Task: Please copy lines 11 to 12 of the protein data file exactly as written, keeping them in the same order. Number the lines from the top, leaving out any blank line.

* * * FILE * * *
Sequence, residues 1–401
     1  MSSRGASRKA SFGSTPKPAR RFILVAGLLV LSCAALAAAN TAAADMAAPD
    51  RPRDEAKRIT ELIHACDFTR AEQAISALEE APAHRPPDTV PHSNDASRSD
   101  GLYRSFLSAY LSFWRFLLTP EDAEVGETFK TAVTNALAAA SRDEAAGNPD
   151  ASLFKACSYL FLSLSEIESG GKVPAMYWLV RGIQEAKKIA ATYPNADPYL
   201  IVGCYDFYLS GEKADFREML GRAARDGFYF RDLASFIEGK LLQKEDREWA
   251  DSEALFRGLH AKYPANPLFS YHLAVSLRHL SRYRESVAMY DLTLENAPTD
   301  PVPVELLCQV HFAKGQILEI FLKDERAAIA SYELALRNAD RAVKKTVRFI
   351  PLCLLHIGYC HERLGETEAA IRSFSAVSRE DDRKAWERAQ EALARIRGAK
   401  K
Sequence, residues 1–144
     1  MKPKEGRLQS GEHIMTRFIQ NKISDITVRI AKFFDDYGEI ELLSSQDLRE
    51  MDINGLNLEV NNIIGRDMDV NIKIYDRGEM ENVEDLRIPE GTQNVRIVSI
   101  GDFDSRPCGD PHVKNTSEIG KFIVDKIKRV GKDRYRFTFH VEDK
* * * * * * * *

Sequence, residues 1–144
     1  MKPKEGRLQS GEHIMTRFIQ NKISDITVRI AKFFDDYGEI ELLSSQDLRE